High School Students See the Future at Math and Science Research Academy

Math/Science Research Academy students’ model for run-off storage on St. CroixHigh school students participating in the revived Math and Science Research Academy this summer on St. Croix showcased their STEM (science-technology-engineering-mathematics) projects on Friday, July 29, at the University of the Virgin Islands’ Great Hall. The Research Academy was conducted from June 27 to Aug. 5, at the St. Croix Educational Complex.
About 60 students eagerly discussed their research projects and proudly displayed their accomplishments through Power Point presentations, posters, brochures, jewelry and other items made from recycled materials. Replicas of the historic district of downtown Christiansted and the Henry E. Rohlsen Airport made of LEGO blocks, and a model of the island of St. Croix depicting guts, ponds, dams and other water storage areas were placed in the hall.
“The students spoke with authority on their respective topics as they took ownership of their learning,” said St. Croix District Director of Curriculum and Instruction Maria Encarnacion.
Project topics at the Academy included water run-off storage, the impact of improper solid waste dumping, a LEGO Design of St. Croix in 2041, sports (track and field) integration into STEM, and a trash to treasure recycling project.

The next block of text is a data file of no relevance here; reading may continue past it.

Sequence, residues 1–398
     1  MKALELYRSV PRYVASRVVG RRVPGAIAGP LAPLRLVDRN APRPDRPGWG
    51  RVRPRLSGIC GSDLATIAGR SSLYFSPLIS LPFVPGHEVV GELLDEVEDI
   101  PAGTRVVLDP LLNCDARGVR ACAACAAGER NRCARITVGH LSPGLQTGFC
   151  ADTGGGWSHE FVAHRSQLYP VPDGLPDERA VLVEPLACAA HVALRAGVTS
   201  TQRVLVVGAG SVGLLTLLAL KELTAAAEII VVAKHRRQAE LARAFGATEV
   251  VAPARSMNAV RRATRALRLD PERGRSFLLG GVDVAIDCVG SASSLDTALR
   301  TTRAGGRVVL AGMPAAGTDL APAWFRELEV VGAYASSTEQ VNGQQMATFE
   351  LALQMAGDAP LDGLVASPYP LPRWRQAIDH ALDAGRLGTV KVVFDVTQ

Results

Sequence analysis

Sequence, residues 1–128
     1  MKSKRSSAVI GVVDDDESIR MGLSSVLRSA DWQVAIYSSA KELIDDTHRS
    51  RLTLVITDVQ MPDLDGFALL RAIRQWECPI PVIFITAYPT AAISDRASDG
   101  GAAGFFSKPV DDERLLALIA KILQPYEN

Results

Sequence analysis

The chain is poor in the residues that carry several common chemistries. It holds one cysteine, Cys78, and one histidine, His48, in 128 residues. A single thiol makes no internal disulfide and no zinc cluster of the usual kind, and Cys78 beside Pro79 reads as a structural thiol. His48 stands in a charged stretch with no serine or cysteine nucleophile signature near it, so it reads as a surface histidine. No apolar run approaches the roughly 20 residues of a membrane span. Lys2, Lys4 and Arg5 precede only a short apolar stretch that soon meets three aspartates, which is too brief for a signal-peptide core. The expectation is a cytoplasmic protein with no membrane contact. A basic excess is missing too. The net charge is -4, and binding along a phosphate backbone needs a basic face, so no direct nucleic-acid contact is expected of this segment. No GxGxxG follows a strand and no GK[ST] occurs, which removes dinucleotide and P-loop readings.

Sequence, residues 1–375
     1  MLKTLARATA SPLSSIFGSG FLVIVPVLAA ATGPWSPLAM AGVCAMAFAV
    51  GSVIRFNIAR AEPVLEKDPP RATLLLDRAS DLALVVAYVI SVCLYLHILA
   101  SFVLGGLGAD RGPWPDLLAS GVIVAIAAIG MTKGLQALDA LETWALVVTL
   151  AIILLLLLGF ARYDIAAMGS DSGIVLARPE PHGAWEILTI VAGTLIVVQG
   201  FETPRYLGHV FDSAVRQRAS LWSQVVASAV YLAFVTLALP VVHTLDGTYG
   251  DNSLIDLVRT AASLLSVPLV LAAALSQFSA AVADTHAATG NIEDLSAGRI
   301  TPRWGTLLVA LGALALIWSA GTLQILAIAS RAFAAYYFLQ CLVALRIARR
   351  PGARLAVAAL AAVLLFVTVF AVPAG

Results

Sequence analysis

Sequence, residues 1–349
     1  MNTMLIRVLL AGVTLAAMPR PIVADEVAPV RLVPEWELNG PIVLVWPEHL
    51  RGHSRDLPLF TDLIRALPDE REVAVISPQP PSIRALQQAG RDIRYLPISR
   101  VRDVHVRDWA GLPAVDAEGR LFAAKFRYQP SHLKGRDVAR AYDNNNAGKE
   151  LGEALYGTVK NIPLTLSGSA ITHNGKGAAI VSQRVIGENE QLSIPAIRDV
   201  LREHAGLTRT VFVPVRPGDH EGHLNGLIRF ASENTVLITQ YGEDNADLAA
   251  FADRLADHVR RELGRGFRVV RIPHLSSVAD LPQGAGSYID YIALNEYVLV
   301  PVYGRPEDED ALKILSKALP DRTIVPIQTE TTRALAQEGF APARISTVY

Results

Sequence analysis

Encarnacion recalls that only 16 percent of high school students are interested in a STEM career and have proven a proficiency in mathematics. As a result, she said, the Obama Administration announced the 2009 "Educate to Innovate" campaign to motivate and inspire students to excel in STEM subjects. The goal is to get American students from the middle of the pack in science and math to the top of the pack in the international arena.
“The St. Croix District is serious about STEM and has put its money where its mouth is, hence, the rebirth of its Math and Science Summer Research Academy,” Encarnacion said. “The program was designed to demonstrate the interconnectedness of Science, Technology, Engineering, the Arts and Mathematics (STEAM), and it was evident that all goals were met.”
The program leaders were Juanita Boneque, district mathematics coordinator, and Rosa White, district science coordinator. Approximately ten lead teachers and ten teaching assistants participated in the academy.
Goals of the Math and Science Research Academy were to stimulate high interest as well as improve academic achievement in math and science, thus increasing career and college readiness in science and mathematics. Students were immersed in project-based learning through problem solving, scientific research and innovative projects that encouraged critical thinking and improved communication at all levels.
  From Trash to Jewelry. A display of Trash to Treasure at the Math/Science Research  Academy showcase at UVI’s Great Hall on July 29

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